3. Partner with local businesses for maintenance, activity, and support:
    Hoboken has had a successful bicycle parking and repair station sponsorship program in place for several years, allowing both businesses and private residents to sponsor the cost and maintenance of bicycle parking in specified locations that may not necessarily be in the city's immediate schedule.  Adding bike corrals to this sponsorship program was an intuitive next step and comes with many benefits. 

    Foremost, a sponsor who agrees to the cost and basic upkeep of the corral guarantees a local champion is there to not only promote the location but protect it from marauding ne'er-do-wells who have a seemingly late-night penchant for exploring the physical resilience of city infrastructure.  Sponsorship commits the adjacent business to keeping the space free of litter and snow (which are legitimate and often-heard maintenance concerns voiced by opponents or critics of the program), and ensures that damage or misuse gets reported to city officials quickly.

    Partnership also stimulates adjacent businesses to adopt or expand their bicycle delivery activities – or encourages employees to commute to work by bicycle – and folds the new infrastructure into the day to day business operations of the block.  These are all valuable benefits that bolster the permanence of a fledgling program.

  4. Communicate bike corrals' contribution to pedestrian safety:
    Talking about the purpose and benefits of bike corrals should arguably start with their contribution to safety, which is generally an all-around positive-reaction conversation.  It's great to take it further than that, but safety is a global concern.  Sure, bike corrals encourage bicycling, thereby reducing vehicular traffic, and yes they are catchy for telling your city's "progressive" story to visitors, but positioning bike corrals as part of a city's safety improvements is a bigger winner in mixed public discussions.  Leaving some of the more technical benefits that are attractive to planners for more focused conversations - or as supporting documentation in materials for distribution - subjects advocates to less up-front opposition.

  5. Use configurations that encourage safer riding:
    There are plenty of configurations and good design manuals out there, but the fundamental goal is to minimize exposure of riders to vehicular traffic and make the bike corral visible and obvious.  Hoboken has adopted a configuration that places the bicycles closer to the travel lane, encouraging bicycle riders to mount/dismount their bikes on the curb-side of the corral.  The angled position encourages a one-way flow of bicycle riding (entrance further from the intersection to, exit closer to the intersection where traffic signal stop bars and crosswalks are easily reached in clear view of drivers.)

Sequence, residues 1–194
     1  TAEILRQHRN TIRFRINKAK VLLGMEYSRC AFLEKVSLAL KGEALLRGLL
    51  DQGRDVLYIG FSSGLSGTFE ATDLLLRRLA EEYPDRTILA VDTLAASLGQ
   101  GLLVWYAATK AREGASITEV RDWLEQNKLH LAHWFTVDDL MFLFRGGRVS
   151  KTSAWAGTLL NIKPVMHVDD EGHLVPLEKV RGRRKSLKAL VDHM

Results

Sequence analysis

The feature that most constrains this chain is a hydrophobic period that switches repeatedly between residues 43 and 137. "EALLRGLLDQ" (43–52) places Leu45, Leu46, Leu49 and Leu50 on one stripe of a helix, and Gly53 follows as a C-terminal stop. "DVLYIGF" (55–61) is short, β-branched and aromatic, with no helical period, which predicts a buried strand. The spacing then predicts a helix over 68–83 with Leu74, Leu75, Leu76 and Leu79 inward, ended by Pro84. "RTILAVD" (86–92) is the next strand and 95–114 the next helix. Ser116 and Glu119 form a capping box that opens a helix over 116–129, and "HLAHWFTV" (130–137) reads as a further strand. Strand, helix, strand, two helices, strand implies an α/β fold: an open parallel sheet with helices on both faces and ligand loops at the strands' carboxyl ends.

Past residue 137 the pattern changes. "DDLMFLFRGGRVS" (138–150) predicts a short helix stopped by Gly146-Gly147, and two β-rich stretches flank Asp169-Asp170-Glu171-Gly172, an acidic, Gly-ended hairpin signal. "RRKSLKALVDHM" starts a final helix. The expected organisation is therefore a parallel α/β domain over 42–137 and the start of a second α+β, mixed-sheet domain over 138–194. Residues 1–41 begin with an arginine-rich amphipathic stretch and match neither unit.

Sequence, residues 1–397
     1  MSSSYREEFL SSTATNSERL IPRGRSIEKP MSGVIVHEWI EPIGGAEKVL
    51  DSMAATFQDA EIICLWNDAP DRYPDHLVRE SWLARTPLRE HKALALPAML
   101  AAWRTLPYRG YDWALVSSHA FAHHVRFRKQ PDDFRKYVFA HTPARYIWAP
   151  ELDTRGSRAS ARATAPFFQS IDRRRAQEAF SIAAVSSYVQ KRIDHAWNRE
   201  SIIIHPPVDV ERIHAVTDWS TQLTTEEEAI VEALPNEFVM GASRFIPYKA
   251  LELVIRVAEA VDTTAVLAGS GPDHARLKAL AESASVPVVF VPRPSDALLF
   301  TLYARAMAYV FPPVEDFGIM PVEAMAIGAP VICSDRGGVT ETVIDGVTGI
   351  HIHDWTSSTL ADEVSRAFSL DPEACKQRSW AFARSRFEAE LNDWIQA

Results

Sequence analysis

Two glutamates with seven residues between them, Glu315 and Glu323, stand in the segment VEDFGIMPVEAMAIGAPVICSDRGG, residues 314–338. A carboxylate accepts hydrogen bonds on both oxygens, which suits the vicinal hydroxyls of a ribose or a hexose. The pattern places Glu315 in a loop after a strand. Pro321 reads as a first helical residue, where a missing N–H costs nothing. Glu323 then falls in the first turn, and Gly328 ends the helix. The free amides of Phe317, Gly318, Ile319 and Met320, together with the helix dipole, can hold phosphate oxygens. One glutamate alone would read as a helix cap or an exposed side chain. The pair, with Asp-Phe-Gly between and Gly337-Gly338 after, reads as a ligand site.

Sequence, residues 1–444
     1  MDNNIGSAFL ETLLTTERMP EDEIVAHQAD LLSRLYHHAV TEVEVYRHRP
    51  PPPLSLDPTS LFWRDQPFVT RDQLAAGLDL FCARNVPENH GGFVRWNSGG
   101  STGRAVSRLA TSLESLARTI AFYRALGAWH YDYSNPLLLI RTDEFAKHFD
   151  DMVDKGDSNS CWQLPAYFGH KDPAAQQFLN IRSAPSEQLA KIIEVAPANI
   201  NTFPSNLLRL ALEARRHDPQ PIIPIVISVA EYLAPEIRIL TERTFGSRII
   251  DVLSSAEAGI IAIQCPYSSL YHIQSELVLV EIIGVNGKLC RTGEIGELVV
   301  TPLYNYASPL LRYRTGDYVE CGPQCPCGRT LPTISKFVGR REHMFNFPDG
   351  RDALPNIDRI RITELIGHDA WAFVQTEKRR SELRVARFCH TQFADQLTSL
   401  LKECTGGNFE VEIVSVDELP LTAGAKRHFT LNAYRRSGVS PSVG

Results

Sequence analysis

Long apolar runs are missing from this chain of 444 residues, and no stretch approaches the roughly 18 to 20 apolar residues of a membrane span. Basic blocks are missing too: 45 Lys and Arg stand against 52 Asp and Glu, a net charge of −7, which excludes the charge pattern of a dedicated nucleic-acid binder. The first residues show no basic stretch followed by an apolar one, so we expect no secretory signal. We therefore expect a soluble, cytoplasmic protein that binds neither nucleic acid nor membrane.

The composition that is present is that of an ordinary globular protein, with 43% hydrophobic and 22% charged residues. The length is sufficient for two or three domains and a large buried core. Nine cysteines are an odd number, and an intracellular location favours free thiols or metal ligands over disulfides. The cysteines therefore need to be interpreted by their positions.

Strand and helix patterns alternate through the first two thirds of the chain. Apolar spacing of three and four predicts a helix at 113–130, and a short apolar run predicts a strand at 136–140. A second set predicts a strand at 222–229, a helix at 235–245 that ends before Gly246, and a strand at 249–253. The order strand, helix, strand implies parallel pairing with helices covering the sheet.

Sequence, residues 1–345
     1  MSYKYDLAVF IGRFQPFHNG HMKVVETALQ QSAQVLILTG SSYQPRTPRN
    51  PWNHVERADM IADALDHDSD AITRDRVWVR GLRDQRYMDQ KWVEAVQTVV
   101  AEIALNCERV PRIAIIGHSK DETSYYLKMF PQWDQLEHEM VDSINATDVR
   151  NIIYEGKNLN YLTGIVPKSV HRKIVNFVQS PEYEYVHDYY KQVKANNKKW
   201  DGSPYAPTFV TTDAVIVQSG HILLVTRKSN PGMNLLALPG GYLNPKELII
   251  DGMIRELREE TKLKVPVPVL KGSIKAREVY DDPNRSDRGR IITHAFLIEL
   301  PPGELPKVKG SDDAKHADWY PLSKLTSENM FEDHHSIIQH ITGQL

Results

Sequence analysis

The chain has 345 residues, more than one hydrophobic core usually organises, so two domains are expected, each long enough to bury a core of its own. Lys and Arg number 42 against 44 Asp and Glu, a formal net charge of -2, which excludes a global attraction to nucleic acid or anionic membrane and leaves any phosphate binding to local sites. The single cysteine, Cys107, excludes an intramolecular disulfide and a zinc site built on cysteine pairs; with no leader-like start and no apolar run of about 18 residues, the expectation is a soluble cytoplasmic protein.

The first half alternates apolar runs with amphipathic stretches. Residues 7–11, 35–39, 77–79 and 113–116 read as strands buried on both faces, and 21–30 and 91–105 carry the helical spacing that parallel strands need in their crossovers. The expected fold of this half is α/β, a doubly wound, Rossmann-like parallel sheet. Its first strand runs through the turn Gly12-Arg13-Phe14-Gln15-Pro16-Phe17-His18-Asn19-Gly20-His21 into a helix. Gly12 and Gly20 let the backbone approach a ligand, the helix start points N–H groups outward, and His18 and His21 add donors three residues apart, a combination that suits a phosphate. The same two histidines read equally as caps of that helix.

Each aspect of the configuration described above contributes to improving the overall safety and integration of the bike corral with other traffic infrastructure.  The configuration also includes standard pavement markings, striping, and USDOT-approved vertical delineators (plastic poles) at the thresholds between the travel and parking lanes.  These materials are standard to any municipal road crew and installation is easy to explain.

  6. Don't be afraid to try new locations:
    Sponsorship means that the community may request bike corrals in locations that are not currently targeted for increased ridership.  Hoboken's installation on Washington and Third streets did not initially seem like the most obvious place to install one of the city's first bike corrals, but nowadays that location is usually full of bikes and clearly shows how placement of additional bicycle parking can induce demand, whether by simply broadcasting the idea that bicycling is a possible modal choice, or by making it easier for people to ride to that area of the city.

  7. Call it "bicycle parking" not "bike racks":
    Bicycle parking is not street furniture, it is a serious component of a city's parking infrastructure, and therefore its transportation demand management plan.  If bicycle parking is being funded through the same municipal budget line items as benches, tree pits, and trash cans, then it's not getting the respect it deserves.  Municipalities can start prioritizing the necessity of bicycle parking by not calling this equipment bike racks, and the next step should be to fund bicycle parking from the same budget and revenue stream as other parking infrastructure (i.e. meters, signs, gates, doors, garages, etc.)  This is not just important on principle, it shifts the cost burden to the department that benefits most from increased bicycle use in a city; that is, the parking authority that is attempting to manage not just parking supply but also demand.